Masonic Rosicrucianism

The Societas Rosicruciana in Civitatibus Foederatis (Rosicrucian Society of the United States) was formed on September 21, 1880, by three Colleges chartered within the previous ten months by the Society in Scotland. It is entirely autonomous and in no way connected with any other institution.

The Society is in amity with the only other similar societies in the wold–Societas Rosicruciana in Anglia (England) and Societas Rosicruciana in Scotia (Scotland).

Membership, which is by invitation, is predicated on Masonic affiliation and Christianity. The Society is not merely another degree of Freemasonry which may be acquired and outside of the normal “workings” of the Craft.

The Masonic qualification assures the membership that the neophyte has given proof of that fidelity and privacy which characterizes a member of that Fraternity. The Christian qualification is required because the character of the Grade rituals is completely Christian, and would not be understood or appreciated by those of other faiths. This character is emphasized in the Ceremony of Admission and it will be noted that a certain community outlook and understanding among the members (called Fraters) is necessary.

The governing body of the Society is known as The High Council composed of Fraters of the Third Order (IX and VIII), plus any College Celebrant not a member of the Third Order. The head of the Society is titled The Supreme Magus, IX degree, elected each triennium. The subordinate bodies are termed “Colleges” each being headed, in the United States, by a Chief Adept, IX, appointed for life by the Supreme Magus. Membership in a college has been restricted to 72. New members are required to select a distinctive “Latin Motto” and state that they are not a member of a non-Masonic Rosicrucian organization as a matter of ethics. The Society is not interested primarily in increasing its membership, but is always happy to consider such brethren whose interest in the Society’s aims is sincere and whom it considers to be in sympathy with the movement.

Masons in the United States learning about the development of Masonic Rosicrucianism in England and Scotland, became interested in organizing a similar body in the United States as early as 1878, as indicated by the granting of a Charter to Dr. Jonathan J. French to organize a College in the state of Illinois. Unfortunately, Dr. French died later that year so the College did not survive. Interest, however, did no wane, as Brothers Charles E. Meyer, Melita Lodge No. 295, Daniel Sutter, Phoenix Lodge No. 230 and Charles W. Parker, Philadelphia Lodge No. 72, all of Philadelphia, PA were admitted to the Zelator degree in Yorkshire College while on a Masonic Pilgrimage to England on July 25, 1878. Brother Mark Merckle, member of Hermann Lodge No. 1251, Philadelphia was admitted subsequently to Metropolitan College, London. These four brethren served as the nucleus for the Pennsylvania College which received a charter from S.R.I.S. on December 27, 1879. This was followed by charters issued to New York on April 9, 1880; Massachusetts, May 4, 1880; Maryland, May 10, 1880; and Vermont on September 22, 1880. Vermont was never active. Members from Philadelphia and New York met in Philadelphia, PA on April 21, 1880 and formed a Grand High Council, then known as Soc.Ros. Republican Americae. Nineteen representatives of the Colleges, PA(5), NY(5), MA(4), MD(4), and VT(1) were present at the first meeting of High Council held on September 21, 1990 at Boston, MA. Charles E. Meyer from PA was elected the first Supreme Magus. The Massachusetts College only has had a continuous existence. The others were erased and subsequently reorganized.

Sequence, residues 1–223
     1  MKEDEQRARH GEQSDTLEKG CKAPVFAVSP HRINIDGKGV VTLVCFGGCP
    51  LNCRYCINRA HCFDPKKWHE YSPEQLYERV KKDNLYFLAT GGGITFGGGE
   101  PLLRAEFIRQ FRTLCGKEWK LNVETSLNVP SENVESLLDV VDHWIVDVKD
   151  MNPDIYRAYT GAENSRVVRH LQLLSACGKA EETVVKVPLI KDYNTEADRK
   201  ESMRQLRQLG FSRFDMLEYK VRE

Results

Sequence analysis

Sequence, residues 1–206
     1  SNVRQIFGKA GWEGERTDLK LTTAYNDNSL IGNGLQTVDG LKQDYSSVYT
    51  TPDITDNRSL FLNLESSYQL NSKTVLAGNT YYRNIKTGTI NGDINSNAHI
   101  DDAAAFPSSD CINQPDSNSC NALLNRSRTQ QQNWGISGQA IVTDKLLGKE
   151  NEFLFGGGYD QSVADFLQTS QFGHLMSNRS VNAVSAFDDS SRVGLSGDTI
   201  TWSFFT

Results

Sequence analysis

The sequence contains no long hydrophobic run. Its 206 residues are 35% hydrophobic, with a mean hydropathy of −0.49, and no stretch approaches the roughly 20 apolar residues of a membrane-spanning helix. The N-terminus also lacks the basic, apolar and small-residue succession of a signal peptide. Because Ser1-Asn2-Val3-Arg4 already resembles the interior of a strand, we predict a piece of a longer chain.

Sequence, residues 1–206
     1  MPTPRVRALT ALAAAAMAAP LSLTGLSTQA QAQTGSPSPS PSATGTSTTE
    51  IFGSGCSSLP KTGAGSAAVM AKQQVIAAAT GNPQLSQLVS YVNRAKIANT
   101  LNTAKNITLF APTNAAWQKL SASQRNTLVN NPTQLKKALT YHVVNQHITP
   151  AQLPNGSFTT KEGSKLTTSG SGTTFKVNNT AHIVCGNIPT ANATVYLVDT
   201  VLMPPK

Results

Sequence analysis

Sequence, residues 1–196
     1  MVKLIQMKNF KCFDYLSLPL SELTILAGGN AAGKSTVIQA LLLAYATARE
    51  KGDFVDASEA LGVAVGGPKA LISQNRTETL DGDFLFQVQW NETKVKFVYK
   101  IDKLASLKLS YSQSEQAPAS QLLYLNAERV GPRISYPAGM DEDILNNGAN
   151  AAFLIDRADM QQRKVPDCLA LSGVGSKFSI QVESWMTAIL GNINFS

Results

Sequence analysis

Colleges have the power to confer the following grades:

First Order: Consisting of Four Grades


First Grade………Zelator

Second Grade….Theoricus

Third Grade………Practicus

Fourth Grade…….Philosophus

These are classified as the Learning Grades.

Second Order: Consisting of Three Grades:


Fifth Grade………..Adeptus Minor

Sixth Grade……….Adeptus Major

These are the Teaching Grades.

The jewel of these two orders is a bar with the letters S.R.I.C.F. from which is suspended a green ribbon with the grade achieved embroidered in Roman numerals and the jewel.

The Third Order consists of Two Grades conferred by the Supreme Magus


Eighth Grade……….Magister

The jewel is the same as the VII except the ribbon is gold with a suspended jewel.

Ninth Grade…………Magus

The jewel is a mitre from which is suspended a red ribbon and jewel.

These are the ruling grades, conferred only by or with the permission of the Supreme Magus. The Official publication “The Rosicrucian Fama” was first published by the late Harold V.B. Voorhis,S.M. 1950-1979. The Fama is published bi-annually and is distributed through the College Secretaries.

The See of The Supreme Council is in Washington, D.C.

Masonic Rosicrucian Jurisdictions (1990)

United States – Colleges are located in the following States: AL, AK, CA, CO, CT, DE, FL, GA, IL, IN, KS, KY, LA, ME, MD, MA, MI, MS, NJ, NY, NC, North Star (MN),OK, PA, SC, TN, TX, VA, WV and WI. There are two colleges in NY: Long Island in NYC and New York in Syracuse, and one College at large (Supreme Magus); one in Canada, Ontario, Toronto, Province of Ontario, and two in the Far East; Hong Kong and Okinawa in the Perfecture of Okinawa, Japan. The membership in 1990 was 1400.

England has 50 active Colleges with an approximate membership of 2000 (1990).

Scotland has 5 active Colleges with a membership of 300(1990)

The reference document for this information is a pamphlet titled: An Introduction to Masonic Rosicrucianism issued by The Supreme Magus, S.R.I.C.F., William G. Preacher, M.D.,IX, 1990

Web Master’s Note


We are grateful to Larry Bodine, KYCH, PIGM, PGC for permission to reprint the above article.